"Double-Sens" opens with some atmosphere with keys as violin comes in. Drums and bass 1 1/2 minutes in with horns over top. Nice. Drums and bass standout 3 1/2 minutes in as horns come and go. It settles with violin after 5 minutes. Horns 6 minutes in then the violin returns. More intense and dissonant after 7 1/2 minutes. Beautiful section after 9 1/2 minutes with keys, bass and drums.The guitar lights it up 11 minutes in. Possibly the best track on here. "La 13eme Lune" has a good beat with keys and guitar. Violin joins in then horns. Flute before 2 minutes. Violin is back. The guitar before 4 minutes sounds great. Violin solo then horns 5 minutes in. Guitar 7 1/2 minutes in to end it.

Highly recommended album. This might get 5 stars from me down the road it's so good.

Report this review (#289173)
Posted Sunday, July 4, 2010 | Review Permalink
5 stars Forgas Band Phenomena is a pretty interesting case in modern progressive music. Not just because Axis Of Madness is the first studio album in nearly ten years to be offered up under that title, but also because (if the amount of ratings and reviews are any indication) hardly anybody here seems to know who the hell they are. Hopefully my review will excite a few people into trying them out. Let me start out by saying that every track on this release is a gem, and it has no weak point. Tough to swallow? Read on . . .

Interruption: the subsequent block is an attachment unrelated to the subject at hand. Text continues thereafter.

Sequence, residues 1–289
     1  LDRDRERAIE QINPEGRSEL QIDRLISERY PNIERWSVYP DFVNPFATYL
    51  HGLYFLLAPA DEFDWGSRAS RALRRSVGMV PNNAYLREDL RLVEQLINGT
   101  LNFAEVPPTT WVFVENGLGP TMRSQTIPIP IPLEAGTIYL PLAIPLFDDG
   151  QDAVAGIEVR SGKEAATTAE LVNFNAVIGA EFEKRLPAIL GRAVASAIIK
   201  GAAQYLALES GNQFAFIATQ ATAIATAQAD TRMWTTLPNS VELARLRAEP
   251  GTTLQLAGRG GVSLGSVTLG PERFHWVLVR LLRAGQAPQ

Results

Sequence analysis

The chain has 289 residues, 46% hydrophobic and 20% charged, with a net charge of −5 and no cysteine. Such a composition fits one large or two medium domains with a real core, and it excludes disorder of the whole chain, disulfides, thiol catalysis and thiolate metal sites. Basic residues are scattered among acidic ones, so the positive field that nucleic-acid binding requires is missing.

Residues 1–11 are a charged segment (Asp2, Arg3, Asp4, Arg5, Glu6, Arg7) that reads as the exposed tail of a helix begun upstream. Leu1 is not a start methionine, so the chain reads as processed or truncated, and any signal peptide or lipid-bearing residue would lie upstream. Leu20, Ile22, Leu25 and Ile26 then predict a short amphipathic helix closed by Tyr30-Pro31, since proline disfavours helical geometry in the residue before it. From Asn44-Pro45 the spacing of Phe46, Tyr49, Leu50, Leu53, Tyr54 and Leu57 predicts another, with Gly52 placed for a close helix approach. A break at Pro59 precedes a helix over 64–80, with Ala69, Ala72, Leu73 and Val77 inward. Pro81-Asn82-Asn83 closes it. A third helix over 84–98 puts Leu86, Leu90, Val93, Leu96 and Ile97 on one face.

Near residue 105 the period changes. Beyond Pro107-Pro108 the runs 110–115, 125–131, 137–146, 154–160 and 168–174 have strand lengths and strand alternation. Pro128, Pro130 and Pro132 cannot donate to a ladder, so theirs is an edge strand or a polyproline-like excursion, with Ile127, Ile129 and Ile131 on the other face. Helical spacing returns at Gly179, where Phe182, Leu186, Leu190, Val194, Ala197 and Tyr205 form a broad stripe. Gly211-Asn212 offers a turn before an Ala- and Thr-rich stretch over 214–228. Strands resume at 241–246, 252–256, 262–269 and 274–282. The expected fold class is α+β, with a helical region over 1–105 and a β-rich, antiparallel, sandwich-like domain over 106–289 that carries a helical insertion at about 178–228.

After my first time listening to the entirety of the record, I had a sort of afterglow about me. I knew I had just listened to something very remarkable and beautiful, but I don't think you'll ever be able to realize for yourself just how special of a recording this is until you experience it for yourself. Patrick Forgas, drummer and composer extraordinaire, has brought together an elite group of musicians to create one of the finest instrumental works I have ever laid ears on.